How do you calculate this limit: lim n→infinity ((n^2) *sqrt(3^n)) /(2^n)?

To calculate the limit of the expression as n approaches infinity:

lim (n → ∞) [(n²) * sqrt(3ⁿ)] / (2ⁿ)

You can use L’Hôpital’s Rule, which is a powerful technique for finding limits involving indeterminate forms like 0/0 or ∞/∞. Here’s how you can apply L’Hôpital’s Rule:

  1. Rewrite the expression to make it suitable for L’Hôpital’s Rule:

lim (n → ∞) [(n²) * sqrt(3ⁿ)] / (2ⁿ)

  1. Take the natural logarithm (ln) of both the numerator and denominator:

ln [lim (n → ∞) [(n²) * sqrt(3ⁿ)] / (2ⁿ)]

  1. Use properties of logarithms to simplify:

ln [lim (n → ∞) (n²) + ln(sqrt(3ⁿ)) – ln(2ⁿ)]

  1. Apply the power rule of logarithms:

lim (n → ∞) [2ln(n) + (1/2)ln(3) + nln(3) – nln(2)]

  1. Now, you can evaluate the limit term by term:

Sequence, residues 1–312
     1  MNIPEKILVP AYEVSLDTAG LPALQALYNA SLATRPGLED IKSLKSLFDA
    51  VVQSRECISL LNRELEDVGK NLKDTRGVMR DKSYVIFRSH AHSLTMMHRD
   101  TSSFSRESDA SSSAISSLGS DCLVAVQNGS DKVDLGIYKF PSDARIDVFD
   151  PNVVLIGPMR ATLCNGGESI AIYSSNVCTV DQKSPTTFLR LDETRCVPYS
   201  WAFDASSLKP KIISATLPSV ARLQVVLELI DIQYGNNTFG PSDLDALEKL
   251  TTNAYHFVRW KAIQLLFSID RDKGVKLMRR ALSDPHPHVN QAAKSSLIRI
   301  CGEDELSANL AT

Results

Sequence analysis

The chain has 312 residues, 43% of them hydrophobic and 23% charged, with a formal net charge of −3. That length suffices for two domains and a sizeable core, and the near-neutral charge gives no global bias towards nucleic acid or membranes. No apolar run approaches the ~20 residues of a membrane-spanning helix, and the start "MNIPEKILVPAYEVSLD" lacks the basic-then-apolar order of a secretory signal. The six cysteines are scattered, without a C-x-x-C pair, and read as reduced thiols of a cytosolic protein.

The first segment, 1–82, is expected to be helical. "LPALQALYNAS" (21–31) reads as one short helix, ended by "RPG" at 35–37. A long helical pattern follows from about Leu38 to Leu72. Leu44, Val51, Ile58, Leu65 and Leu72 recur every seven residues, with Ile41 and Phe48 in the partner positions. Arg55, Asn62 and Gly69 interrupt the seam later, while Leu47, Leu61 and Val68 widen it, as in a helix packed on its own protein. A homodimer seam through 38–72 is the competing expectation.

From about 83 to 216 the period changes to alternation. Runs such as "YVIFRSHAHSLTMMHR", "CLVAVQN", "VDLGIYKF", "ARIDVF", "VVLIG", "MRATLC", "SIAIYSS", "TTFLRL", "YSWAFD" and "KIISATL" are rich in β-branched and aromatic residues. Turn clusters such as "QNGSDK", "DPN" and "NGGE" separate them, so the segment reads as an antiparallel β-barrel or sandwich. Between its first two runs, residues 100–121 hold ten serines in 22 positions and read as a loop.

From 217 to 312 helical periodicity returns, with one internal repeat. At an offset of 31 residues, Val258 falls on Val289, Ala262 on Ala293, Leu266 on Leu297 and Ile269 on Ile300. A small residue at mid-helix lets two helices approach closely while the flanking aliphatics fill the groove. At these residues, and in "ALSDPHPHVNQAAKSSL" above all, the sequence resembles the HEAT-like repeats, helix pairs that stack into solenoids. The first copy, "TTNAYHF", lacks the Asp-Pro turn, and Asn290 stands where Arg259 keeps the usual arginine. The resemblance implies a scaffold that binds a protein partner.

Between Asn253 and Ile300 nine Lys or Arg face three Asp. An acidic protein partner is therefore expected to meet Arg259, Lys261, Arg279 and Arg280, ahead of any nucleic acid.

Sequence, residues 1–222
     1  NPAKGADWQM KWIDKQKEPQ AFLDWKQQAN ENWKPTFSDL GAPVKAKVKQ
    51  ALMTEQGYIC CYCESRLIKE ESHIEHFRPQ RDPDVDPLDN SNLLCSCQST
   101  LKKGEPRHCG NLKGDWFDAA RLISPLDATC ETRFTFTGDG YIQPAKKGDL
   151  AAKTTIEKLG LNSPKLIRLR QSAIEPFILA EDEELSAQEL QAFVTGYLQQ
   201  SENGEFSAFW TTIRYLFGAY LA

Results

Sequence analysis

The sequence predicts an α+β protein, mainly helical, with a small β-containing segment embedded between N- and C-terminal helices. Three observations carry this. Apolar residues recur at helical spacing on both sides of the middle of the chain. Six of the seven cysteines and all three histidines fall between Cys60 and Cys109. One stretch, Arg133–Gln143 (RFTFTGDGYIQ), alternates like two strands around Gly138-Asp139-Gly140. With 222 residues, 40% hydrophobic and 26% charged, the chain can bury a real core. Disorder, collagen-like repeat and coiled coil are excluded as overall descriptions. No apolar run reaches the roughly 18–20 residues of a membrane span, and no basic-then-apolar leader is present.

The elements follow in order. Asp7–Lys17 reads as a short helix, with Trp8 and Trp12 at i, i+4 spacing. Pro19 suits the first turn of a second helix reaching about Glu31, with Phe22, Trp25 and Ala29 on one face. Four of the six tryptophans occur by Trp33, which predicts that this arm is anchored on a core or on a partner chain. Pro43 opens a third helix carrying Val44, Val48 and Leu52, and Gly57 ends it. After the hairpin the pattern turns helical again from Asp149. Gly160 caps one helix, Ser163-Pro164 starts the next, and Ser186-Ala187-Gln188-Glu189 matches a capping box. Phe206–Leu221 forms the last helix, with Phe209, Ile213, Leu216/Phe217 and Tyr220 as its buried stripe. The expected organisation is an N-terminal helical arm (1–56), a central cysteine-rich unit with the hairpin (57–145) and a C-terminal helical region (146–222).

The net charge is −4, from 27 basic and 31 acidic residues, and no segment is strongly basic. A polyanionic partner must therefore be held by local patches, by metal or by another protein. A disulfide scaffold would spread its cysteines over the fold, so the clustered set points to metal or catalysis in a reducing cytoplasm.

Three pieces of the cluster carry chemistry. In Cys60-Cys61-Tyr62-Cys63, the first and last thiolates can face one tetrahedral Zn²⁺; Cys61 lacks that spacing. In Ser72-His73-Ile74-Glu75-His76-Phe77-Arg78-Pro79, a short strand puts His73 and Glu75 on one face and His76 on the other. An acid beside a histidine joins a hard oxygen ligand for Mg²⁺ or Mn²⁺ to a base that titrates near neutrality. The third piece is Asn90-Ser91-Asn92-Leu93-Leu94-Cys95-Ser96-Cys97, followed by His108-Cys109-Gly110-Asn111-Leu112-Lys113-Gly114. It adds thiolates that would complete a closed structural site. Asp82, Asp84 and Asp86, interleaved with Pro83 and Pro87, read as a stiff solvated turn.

lim (n → ∞) 2ln(n) + (1/2)ln(3) + nln(3) – nln(2)

  1. As n approaches infinity, the natural logarithm of n also goes to infinity, so the first term becomes ∞.
  2. The other terms are constants, so they remain the same:

(1/2)ln(3) + ln(3) – ln(2)

  1. Combine the constants:

(1/2)ln(3) + ln(3) – ln(2) = ln(3^(1/2)) + ln(3) – ln(2)

  1. Use logarithm properties to combine the terms:

ln(√3 * 3) – ln(2)

  1. Simplify further:

ln(3√3) – ln(2)

  1. Subtract the logarithms:

ln(3√3 / 2)

So, the limit of the given expression as n approaches infinity is:

ln(3√3 / 2)

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